I went again to the wonderful Talk and Draw session at the National Gallery, London. We sat, all 40 of us, in front of Uccello’s Battle of San Romano and were invited to draw it with pencils, twice, the first time to just look at the painting itself and not the paper, and draw the main lines; then to look at the main shapes and get those down without trying to be too figurative. I enjoyed this session and it is good eye to hand practice.
Alot of people there did not get the idea of moving around the painting and allowing yourself the freedom to draw what you see rather than what you think you should be drawing. You have to let go in this kind of exercise.
From the National Gallery: This brilliantly structured and colourful painting depicts part of the battle of San Romano that was fought between Florence and Siena in 1432. The central figure is Niccolò da Mauruzi da Tolentino on his white charger, the leader of the victorious Florentine forces, who is identifiable by the motif of ‘Knot of Solomon’ on his banner.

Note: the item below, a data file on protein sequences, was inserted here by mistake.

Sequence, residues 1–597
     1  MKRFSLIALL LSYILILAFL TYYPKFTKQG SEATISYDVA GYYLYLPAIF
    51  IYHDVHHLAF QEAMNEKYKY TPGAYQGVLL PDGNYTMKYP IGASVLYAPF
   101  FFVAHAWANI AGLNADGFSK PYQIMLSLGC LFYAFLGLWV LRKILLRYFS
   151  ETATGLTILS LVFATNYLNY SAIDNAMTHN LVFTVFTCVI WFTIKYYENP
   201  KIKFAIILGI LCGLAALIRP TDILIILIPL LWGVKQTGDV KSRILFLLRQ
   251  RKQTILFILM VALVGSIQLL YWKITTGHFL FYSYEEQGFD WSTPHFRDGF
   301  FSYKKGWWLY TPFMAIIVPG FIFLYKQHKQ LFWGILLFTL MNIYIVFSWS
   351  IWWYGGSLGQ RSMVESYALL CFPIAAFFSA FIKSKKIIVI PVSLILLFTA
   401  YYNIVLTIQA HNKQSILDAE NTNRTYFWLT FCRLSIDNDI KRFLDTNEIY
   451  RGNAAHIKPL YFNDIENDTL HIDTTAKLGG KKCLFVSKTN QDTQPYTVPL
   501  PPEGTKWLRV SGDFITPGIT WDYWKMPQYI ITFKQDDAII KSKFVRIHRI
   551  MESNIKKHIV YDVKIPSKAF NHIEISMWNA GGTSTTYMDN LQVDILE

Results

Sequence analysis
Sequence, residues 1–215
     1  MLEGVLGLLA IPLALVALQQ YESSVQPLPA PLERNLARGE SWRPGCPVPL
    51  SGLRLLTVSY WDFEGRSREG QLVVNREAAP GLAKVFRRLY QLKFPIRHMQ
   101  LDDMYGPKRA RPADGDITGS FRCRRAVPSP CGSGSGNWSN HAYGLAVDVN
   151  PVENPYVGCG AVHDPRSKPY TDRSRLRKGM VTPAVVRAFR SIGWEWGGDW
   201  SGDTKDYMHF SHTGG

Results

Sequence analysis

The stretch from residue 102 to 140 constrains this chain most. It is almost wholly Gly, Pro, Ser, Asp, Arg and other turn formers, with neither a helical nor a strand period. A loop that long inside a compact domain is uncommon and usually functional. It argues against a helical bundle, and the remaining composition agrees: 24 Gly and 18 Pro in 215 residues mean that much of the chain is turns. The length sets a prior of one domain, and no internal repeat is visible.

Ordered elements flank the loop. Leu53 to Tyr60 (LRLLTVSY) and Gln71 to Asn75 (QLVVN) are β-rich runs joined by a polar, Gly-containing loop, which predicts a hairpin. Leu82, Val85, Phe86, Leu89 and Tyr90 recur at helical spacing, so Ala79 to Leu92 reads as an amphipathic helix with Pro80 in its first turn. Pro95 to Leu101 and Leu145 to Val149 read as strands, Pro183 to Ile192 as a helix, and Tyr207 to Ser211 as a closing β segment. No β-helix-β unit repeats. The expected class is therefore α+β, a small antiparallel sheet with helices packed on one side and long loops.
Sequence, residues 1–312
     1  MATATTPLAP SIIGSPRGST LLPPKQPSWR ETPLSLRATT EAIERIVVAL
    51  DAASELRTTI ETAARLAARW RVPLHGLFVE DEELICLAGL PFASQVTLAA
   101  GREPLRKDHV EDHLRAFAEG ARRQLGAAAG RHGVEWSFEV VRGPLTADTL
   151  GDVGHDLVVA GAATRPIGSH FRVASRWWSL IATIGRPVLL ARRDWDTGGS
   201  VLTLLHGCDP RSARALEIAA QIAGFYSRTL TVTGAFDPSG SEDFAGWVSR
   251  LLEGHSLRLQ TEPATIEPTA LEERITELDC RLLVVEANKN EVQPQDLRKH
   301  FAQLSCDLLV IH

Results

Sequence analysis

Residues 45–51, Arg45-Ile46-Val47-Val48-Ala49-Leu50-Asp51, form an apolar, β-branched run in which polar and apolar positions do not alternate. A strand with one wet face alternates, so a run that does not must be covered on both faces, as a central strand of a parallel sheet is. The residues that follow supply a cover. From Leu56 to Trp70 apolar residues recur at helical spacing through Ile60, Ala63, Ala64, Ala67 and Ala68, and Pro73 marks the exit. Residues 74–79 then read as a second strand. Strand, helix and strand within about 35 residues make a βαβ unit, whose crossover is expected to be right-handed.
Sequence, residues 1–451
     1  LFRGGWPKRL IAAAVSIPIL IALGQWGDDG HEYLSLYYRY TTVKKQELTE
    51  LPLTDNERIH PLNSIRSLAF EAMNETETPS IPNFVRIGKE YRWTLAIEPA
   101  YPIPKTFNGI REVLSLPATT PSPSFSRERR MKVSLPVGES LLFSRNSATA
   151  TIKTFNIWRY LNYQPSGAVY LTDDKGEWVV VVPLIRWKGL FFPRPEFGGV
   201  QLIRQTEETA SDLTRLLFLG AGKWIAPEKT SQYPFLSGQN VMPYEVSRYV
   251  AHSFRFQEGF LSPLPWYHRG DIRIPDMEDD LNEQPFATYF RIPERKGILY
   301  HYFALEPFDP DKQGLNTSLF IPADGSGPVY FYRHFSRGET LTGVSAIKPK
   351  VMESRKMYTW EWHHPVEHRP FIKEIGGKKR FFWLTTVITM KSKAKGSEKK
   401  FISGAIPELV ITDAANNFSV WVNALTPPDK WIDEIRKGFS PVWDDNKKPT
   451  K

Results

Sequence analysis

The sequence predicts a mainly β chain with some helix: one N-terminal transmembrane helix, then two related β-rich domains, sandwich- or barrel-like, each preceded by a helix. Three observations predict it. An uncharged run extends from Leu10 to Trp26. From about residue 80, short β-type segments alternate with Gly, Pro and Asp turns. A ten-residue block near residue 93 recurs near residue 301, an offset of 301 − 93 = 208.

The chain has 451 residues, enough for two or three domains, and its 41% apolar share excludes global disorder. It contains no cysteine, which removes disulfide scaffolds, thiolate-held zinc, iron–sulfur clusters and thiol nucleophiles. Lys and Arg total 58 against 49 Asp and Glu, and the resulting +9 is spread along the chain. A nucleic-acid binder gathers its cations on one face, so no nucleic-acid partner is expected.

This panel is one of a set of three showing incidents from the same battle. The other two are in the Louvre, Paris, and the Uffizi, Florence. This painting and its two companion panels were commissioned by the Bartolini Salimbeni family in Florence sometime between 1435 and 1460: only the Uffizi panel is signed. Lorenzo de’ Medici so coveted them that he had them forcibly removed to the Medici palace.
The pictures may originally have had arched tops designed to fit below Gothic vaults. They were made into rectangular panels in the 15th century, possibly by Uccello himself. Uccello was much preoccupied with one point linear perspective, seen here in the foreshortening of shapes and arrangement of broken lances.What an amazing painting, one of my friends did a copy of this and got into a degree course on the strength of his copy.
In two week’s time we are drawing a Corot painting of trees in a landscape – more on this later…..